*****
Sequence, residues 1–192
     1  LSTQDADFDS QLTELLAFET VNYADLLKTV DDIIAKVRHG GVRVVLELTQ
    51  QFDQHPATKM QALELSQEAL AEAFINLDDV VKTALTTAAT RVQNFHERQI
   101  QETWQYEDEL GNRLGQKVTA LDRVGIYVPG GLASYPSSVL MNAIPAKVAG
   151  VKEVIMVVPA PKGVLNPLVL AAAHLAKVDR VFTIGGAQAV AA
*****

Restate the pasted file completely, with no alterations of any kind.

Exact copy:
Sequence, residues 1–192
     1  LSTQDADFDS QLTELLAFET VNYADLLKTV DDIIAKVRHG GVRVVLELTQ
    51  QFDQHPATKM QALELSQEAL AEAFINLDDV VKTALTTAAT RVQNFHERQI
   101  QETWQYEDEL GNRLGQKVTA LDRVGIYVPG GLASYPSSVL MNAIPAKVAG
   151  VKEVIMVVPA PKGVLNPLVL AAAHLAKVDR VFTIGGAQAV AA